Help people of course, that is a great thing to do, but don’t give up all of yourself to others.  You really must have the time to find your own balance.  People often respect you more if you are more balanced about this instead of letting people push you around, or simply allowing yourself to be a martyr, often quite unnecessarily, or keeping yourself artificially busy.


Be a whole person, not just a servant to others or a slave to artificial systems or things.




We should respect others by listening to them properly, but at the same time we should expect them to do the same for us, and if they don’t, then try simply asking them politely to do so, otherwise they are disrespecting you.

Listening to yourself goes much further than what I have said so far. You need to basically monitor who you are being, and how you are doing, in order to work out if there is anything missing before you start to suffer consequences of stress for example.


You might find a new interest, take up a hobby, form of exercise, etc, or you might find you need some minerals or vitamins to help boost you physically.  We need to keep both physical and mental health balanced as they do greatly affect each other. They are not separate systems, and both are very interlinked via chemistry, which in turn affects emotions if not in balance.


You might realise you need to meet new friends, so perhaps you might like to join a club where people dance or paint, for example.  There are so many things we can do to give ourselves a lift, if we listen to our own needs instead of just slogging away, keeping on keeping on, as they say.


So you need to listen to all parts of yourself, not just your mind, or your body, or your spiritual self, but all of them.

You might like to learn a bit about meditation, as this is one of the greatest gifts we can give ourselves, to help relieve worry and stress, and to connect with the deep root of yourself, find your own sense of balance on this planet earth.  It can also give us a sense of connection to the wider universe, of being a loving part of the whole, which brings us a deep joy and serenity.  We get to understand things from a different perspective, or more objectively, and this can bring a new dimension to our existence.


Quality Time


It is important to aim to have quality time with your kids, partner, friends, wider family, and with yourself.  This sort of intense time is much more valuable, even in short bursts, than spending loads of time together that is unfocused.  It is precious to be able to place real value on time together and do something really special.  I don’t mean going out and spending money to appease partners or kids, or to try to make up for being away at work etc, I mean time where you talk deeply, cuddle, explore interests, learn things together, do really meaningful stuff that nurtures your relationships.  If you are always too tired after work or at weekends for example to do this, then you really need to examine your priorities and find a way to get a better balance for all concerned.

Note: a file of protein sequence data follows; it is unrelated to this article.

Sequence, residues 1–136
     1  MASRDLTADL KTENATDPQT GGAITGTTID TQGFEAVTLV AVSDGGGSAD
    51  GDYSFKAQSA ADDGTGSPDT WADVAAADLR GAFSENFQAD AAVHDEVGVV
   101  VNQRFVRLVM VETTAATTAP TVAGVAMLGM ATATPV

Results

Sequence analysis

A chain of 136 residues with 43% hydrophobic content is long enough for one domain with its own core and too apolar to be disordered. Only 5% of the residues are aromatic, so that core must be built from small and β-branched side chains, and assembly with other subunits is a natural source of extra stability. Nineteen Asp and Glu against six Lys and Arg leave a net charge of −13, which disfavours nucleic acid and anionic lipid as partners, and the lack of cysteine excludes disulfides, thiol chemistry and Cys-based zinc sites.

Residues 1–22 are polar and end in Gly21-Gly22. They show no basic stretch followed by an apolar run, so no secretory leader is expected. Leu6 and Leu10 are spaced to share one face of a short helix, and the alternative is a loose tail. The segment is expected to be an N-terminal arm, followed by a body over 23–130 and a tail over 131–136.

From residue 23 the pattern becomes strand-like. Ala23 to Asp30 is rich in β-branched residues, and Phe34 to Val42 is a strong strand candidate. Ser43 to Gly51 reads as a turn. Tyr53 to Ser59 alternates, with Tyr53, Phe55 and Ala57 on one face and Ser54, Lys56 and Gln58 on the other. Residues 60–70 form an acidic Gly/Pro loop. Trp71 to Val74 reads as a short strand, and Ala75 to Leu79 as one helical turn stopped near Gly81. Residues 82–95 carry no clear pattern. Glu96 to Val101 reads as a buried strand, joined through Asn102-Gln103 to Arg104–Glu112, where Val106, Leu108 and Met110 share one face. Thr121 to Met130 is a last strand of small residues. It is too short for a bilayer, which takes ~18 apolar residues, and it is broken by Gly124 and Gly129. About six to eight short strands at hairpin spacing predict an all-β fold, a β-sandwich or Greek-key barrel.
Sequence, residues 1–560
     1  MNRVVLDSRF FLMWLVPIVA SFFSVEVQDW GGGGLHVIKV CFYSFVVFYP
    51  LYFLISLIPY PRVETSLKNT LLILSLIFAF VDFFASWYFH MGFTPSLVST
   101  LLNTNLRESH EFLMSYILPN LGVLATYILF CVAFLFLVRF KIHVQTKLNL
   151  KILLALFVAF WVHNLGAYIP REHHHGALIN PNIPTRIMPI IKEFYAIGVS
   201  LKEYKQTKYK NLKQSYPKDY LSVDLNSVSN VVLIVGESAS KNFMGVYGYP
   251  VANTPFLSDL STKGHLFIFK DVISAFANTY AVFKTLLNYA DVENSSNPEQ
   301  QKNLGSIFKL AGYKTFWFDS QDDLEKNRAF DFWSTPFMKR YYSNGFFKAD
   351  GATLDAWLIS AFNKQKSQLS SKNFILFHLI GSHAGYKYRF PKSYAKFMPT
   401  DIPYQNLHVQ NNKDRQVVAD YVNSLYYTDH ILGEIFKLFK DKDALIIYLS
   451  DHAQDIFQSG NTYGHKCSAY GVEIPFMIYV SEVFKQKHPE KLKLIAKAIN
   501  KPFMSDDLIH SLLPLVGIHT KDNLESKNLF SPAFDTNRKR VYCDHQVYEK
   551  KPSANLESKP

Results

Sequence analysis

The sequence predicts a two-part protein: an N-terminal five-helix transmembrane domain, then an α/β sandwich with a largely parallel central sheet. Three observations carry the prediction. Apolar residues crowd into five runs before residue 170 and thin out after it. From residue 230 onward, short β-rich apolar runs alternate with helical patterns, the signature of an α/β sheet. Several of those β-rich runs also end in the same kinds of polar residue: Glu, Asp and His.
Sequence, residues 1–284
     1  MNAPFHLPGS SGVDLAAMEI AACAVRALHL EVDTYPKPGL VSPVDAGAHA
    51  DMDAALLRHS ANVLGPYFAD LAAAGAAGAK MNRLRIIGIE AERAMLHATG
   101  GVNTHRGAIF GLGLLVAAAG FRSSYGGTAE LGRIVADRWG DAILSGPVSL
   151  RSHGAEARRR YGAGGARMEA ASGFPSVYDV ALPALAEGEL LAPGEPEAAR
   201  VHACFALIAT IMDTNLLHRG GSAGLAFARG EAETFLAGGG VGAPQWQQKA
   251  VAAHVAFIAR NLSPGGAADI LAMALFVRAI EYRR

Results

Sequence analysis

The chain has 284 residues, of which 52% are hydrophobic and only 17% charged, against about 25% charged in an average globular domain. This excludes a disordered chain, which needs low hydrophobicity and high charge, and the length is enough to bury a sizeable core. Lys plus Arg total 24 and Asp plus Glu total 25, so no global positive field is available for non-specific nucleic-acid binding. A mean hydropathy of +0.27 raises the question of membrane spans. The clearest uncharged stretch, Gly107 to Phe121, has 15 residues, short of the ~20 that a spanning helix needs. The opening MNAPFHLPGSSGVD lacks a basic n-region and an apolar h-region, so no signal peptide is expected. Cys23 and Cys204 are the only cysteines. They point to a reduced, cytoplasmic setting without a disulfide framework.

At home and at work it can often be better to cut down on hours spent on tasks and chores, and focus on making better use of your time.  Often we waste time dithering about with details, when we don’t really need to, and your mind will sharpen when you stop fussing so much about this, and you will find you can achieve more clarity and get more done in less time.


If you want to spend less time at work, it is always worth asking.  Companies will often consider allowing employees to cut down their hours if you ask them, so don’t be afraid to ask, just plan your reasoning clearly beforehand, so that you can present a convincing picture to them. (Of course if you do get more time to spend at home, just be sure that you don’t simply transfer your dithering time to your home life, check up on yourself to ensure that you use the extra time effectively.)


Young parents going back to work often manage to work part time instead of throwing themselves back into full time employment.  You could do the same if you are recovering from an illness, or suffering too much stress.  If you can afford to do it then why not do it?  Or perhaps you could even make a bit of money in other ways if you need to?  Even little things you can do at home, like baking for your local market, flower arranging for local events, making cards, etc, might make the difference, plus give you the chance to enjoy using some different skills and mix socially with some different people.


As parents we know that it’s best to have quality time doing something with our kids, like reading to them, drawing with them, going for walks where you chat about all the things you see along the way.  These sort of things are so much more rewarding for everybody than just flopping out in front of the TV etc.  You do need some flopsy time, but don’t be careless about it, think about how to get the most out of your time together.  Even shopping trips can be positive if you chat to children about why you are making certain choices, start to educate them about budgeting and values along the way.

Of course, time with your partner is equally important, to nurture your relationship.  It’s no good always being with the whole family, you need to plan occasional time out for yourselves, where you can focus on just the two of you  - do what you enjoy doing together, and talk at a deeper level than you would during a run-of-the-mill day.